These digitized collections are available to the general public. All are reputable resources for serious scholars of literature and history.

American History and Literature

Making of America
A digital library of primary sources on American social history and literature organized by the University of Michigan library. Includes a wide variety of books and magazines.


Library of Congress Digital Collections
A wide array of beautifully organized digital collections including books, personal paper, photographs, and sound on a range of topics related to American history and literature.

American Printed Ephemera
A collection of posters, advertisements, and other documents from the seventeenth-century to the present, complied and organized by the Library of Congress.

 

British History and Literature

British Library Virtual Books
Includes beautifully digitized books from the medieval period through the nineteenth century. Highlights include Alice’s Adventures Under Ground, a companion to Alice’s Adventures in Wonderland by Lewis Carroll; the notebook of William Blake, the Romantic poetry; and juvenilia by Jane Austen.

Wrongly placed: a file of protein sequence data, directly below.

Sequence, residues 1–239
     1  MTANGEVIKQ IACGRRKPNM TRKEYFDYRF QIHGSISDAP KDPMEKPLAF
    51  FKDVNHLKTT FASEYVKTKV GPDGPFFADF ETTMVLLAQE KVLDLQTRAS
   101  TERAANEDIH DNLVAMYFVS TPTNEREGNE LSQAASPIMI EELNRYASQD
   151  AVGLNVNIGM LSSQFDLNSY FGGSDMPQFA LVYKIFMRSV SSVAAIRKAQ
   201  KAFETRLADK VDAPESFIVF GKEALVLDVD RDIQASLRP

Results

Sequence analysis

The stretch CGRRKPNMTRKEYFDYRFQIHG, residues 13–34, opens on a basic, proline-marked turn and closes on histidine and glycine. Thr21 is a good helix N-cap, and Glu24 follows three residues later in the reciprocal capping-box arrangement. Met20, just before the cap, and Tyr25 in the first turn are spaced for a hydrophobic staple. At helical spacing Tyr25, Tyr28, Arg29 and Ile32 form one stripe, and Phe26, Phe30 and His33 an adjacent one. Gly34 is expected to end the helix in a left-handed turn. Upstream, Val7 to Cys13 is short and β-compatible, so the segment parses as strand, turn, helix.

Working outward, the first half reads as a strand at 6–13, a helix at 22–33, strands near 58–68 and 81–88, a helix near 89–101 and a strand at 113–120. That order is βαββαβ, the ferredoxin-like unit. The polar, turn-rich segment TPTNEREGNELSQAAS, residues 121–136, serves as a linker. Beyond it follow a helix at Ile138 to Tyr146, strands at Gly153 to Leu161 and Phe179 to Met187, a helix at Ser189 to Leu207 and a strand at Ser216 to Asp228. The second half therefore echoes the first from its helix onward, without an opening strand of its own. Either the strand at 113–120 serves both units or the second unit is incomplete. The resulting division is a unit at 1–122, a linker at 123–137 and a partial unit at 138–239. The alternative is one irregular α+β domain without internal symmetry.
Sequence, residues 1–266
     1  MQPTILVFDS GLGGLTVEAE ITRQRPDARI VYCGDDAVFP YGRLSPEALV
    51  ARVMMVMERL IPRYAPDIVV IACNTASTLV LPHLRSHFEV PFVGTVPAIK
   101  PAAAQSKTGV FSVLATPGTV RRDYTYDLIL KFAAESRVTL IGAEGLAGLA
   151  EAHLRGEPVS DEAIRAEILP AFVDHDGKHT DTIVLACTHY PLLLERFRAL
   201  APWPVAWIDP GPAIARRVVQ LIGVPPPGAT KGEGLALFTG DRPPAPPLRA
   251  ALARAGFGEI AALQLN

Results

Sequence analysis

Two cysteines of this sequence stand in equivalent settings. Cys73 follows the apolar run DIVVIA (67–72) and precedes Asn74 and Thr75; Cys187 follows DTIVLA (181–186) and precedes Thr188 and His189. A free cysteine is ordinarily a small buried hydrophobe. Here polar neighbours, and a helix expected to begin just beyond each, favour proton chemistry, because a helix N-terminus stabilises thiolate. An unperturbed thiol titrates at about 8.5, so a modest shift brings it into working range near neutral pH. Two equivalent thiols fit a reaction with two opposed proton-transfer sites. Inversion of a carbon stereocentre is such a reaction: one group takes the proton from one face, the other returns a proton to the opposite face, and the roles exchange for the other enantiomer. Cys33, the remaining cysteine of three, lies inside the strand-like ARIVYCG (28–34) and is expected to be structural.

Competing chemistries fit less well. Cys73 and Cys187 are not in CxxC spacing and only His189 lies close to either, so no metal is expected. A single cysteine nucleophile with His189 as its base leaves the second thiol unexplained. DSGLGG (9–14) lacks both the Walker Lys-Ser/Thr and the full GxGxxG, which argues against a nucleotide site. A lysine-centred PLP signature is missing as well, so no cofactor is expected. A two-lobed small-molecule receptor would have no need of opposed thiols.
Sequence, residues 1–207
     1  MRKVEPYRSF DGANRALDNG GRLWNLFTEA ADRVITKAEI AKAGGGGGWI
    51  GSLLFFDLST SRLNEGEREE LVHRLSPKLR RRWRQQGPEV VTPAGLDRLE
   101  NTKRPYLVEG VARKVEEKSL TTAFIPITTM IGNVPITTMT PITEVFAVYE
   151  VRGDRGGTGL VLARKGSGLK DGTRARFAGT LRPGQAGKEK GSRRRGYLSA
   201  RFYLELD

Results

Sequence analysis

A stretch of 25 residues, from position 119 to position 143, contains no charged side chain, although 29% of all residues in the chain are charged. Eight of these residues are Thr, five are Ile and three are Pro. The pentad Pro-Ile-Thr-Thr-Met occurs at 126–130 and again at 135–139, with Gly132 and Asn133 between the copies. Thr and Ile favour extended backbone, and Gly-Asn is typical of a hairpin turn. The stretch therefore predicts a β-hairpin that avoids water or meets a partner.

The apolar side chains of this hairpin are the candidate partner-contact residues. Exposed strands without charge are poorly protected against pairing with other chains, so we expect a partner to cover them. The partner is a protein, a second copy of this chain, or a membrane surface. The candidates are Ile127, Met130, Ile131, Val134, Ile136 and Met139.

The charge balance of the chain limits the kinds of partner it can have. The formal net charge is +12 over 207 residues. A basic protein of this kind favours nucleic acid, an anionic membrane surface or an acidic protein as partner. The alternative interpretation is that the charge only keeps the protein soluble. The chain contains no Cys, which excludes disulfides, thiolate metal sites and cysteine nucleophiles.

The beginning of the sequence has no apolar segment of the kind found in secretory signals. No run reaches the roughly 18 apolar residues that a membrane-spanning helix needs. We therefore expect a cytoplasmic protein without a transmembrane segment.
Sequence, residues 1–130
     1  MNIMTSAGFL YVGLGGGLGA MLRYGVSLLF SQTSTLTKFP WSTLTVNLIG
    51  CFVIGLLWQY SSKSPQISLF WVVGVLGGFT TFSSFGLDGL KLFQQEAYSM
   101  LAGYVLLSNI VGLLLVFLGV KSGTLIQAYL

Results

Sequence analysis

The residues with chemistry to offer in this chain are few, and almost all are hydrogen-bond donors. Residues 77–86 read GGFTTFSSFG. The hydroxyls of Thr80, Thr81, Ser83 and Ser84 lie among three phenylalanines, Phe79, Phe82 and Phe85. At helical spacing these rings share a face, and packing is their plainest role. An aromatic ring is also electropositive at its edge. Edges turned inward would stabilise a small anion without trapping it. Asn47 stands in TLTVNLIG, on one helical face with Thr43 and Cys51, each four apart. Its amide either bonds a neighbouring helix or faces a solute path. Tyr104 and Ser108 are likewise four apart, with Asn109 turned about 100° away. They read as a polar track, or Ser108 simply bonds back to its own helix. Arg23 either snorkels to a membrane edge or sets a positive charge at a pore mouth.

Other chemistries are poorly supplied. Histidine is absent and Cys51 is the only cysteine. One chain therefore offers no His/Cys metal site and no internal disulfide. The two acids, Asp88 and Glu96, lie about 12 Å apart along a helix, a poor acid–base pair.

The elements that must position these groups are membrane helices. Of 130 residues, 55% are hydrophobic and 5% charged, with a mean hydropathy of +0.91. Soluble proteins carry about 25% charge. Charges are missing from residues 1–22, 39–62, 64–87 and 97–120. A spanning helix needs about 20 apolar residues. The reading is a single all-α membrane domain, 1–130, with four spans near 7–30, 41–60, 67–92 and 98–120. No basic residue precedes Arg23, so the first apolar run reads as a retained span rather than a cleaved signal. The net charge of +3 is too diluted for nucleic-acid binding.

British Library Texts in Context
Curated collections of historical materials providing useful contexts for literary works. An excellent starting point for literary research.

British Library Romantics and Victorians
Includes both introductory contexts and primary source material on a wide variety of nineteenth-century British literary texts

 

General History and Literature

Digital Collections of the New York Public Library
A huge and ever-expanding digitized collection of artifacts held by the New York Public Library. Collection strengths include British and American literature; maps; and nineteenth-century photographs.

The Digital Public Library of America